Friday, October 4, 2013

Gasoline Alley – Autos, Trucks & More! (#1)

We’re back at Heritage Park in Calgary… We ended our visit to this very classy historical park with a tour of a spectacular automotive/vehicle museum that is located right near the entrance to the park…

This is one view of Gasoline Alley, a 75,000 square foot facility devoted to  automobiles, trucks and all kinds of automotive ephemera, including unique gasoline pumps and many products and signage from a host of petroleum companies.  A former cowboy and oil man by the name of Ron Carey donated most of the extensive collection that fills the inside of this replica of the Calgary Public Market.  The artifacts displayed at the museum date from the turn of the 20th century to the 1950s. 

The exhibit includes many, many old gas pumps… In comparison with today’s gas pumps, these relics of the past were truly works of art.
This part of the exhibit facility is a replica of a 1910 Edwardian commercial style building that originally served as the offices and warehouse of a company that supplied electrical and mechanical equipment to the power industry.  In 1920, the original building was transformed into a large and successful Chevrolet dealership.  

This Husky Gas Station is installed in a replica of a Purity 99 Service Station that was built in the ‘moderne’ style… Its basically a rectangle with a stucco finish, wrap around curves and racing stripes.
Husky Energy Inc. is a large, integrated energy company with interests globally and with its head office in Calgary, Alberta.  Husky Energy is controlled by Hong Kong billionaire Li Ka-Shing who owns the controlling share of 70% of the stock.  The company’s foundation is in Western Canada, where it has extensive conventional oil and natural gas assets, significant heavy oil production and a range of midstream and downstream operations, including refineries, upgrading facilities, and pipelines.  With over $32 Billion in assets and 500 + gas stations, Husky is one of Canada's largest energy companies.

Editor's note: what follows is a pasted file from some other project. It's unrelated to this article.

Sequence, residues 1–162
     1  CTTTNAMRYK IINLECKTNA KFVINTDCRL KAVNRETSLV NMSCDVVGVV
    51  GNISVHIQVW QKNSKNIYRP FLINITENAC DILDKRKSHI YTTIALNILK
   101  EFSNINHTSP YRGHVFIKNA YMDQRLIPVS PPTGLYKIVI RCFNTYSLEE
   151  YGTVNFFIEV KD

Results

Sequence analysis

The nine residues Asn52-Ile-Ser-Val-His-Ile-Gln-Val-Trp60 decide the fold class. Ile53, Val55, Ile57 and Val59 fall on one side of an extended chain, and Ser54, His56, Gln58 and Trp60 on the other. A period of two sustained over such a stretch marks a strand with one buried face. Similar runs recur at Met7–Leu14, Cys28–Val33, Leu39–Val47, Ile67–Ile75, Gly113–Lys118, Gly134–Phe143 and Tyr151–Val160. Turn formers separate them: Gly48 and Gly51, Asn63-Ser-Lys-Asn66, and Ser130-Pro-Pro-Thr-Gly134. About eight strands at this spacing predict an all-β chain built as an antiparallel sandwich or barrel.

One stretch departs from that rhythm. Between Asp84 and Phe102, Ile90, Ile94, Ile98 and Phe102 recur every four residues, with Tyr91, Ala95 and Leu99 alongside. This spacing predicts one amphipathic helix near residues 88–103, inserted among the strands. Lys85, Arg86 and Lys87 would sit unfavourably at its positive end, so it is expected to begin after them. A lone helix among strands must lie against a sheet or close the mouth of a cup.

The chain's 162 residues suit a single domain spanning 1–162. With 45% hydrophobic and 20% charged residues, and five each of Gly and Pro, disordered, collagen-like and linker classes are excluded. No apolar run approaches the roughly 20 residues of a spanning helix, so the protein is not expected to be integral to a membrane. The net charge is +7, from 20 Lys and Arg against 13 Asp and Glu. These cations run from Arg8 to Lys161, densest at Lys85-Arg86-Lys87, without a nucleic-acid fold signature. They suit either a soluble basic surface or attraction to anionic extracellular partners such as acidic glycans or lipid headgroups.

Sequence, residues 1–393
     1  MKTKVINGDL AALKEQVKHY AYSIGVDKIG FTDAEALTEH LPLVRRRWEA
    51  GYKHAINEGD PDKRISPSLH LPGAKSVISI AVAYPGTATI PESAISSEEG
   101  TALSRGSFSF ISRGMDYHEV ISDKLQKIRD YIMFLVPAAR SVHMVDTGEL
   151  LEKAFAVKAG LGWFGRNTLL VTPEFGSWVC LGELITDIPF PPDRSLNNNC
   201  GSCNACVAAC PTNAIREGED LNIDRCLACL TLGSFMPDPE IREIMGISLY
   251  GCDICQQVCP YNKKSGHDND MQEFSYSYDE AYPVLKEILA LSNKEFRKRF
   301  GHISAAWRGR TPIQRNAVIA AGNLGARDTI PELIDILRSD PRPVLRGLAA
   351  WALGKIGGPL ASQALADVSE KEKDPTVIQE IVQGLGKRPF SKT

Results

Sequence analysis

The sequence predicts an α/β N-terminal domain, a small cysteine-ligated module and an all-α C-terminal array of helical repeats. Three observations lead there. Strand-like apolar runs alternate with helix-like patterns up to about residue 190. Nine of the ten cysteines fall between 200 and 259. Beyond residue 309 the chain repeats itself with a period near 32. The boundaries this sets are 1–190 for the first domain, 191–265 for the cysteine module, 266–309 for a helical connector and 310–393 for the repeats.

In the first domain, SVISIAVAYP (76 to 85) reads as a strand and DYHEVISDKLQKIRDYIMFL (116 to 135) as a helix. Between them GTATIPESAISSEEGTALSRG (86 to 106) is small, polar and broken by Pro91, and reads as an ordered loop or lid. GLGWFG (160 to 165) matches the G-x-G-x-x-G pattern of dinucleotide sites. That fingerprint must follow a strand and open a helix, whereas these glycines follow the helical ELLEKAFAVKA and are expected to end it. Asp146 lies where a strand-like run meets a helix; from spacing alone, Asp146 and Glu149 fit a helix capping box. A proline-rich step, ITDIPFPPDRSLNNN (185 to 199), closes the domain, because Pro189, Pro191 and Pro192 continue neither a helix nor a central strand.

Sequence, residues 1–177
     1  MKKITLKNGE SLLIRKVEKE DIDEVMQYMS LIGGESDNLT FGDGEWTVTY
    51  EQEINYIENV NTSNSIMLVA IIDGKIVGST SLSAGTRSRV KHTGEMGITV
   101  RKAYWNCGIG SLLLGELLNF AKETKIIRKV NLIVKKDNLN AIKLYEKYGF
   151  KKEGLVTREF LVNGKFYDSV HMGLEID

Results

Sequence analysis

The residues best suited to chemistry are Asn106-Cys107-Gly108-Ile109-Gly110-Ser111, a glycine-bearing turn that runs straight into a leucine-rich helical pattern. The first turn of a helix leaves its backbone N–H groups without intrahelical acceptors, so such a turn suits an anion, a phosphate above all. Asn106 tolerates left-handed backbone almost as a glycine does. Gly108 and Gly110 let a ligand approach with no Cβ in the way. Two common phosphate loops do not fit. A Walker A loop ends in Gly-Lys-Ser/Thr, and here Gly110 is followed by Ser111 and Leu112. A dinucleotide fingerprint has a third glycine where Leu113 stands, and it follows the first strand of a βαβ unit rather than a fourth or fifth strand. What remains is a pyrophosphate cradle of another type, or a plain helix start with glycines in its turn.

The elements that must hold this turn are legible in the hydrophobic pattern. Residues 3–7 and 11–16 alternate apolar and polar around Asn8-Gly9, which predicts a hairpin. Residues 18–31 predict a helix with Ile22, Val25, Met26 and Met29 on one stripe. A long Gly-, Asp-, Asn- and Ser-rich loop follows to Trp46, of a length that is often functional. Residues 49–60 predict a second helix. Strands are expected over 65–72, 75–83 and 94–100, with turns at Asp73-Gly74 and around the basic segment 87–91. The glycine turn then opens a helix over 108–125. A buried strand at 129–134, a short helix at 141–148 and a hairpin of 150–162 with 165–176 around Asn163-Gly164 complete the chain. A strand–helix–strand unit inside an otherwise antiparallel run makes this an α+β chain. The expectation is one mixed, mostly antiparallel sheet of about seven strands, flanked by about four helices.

The first of the automobiles that we saw on display were actually in the Husky Gas Station’s garage.  This is a 1929 ‘Roosevelt’.  It was a brand of American automobile that was manufactured by the Marmon Motor Car Company of Indianapolis, Indiana, USA from 1929 to 1930. (
The ‘Roosevelt’ was named after President Theodore Roosevelt and designed to be priced as an "affordable" automobile.  The Roosevelt was the first automobile in America with a straight-eight engine to be priced under $1,000, with the sedan and coupe selling for $995.  One of the unique features of the ‘29 Roosevelt was the horn button.  It served 3 purposes.  Push down and it would honk, pull up and it was the starter, and turn it, to turn the head lights on and off.  

Right alongside the Roosevelt was this 1915 Cadillac Tow Truck.  This Cadillac was retrofitted in 1922 as a tow truck.  In fact, the very first tow truck was a Cadillac!  In 1916, Ernest Holmes helped to rescue a Model T from a ditch.  It took a whole day and six men to free it.  Holmes thought there must be a better way.  He mounted three poles to the frame of his 1913 Cadillac, added a pulley and ran a chain through it.  Voila!  The tow truck was born.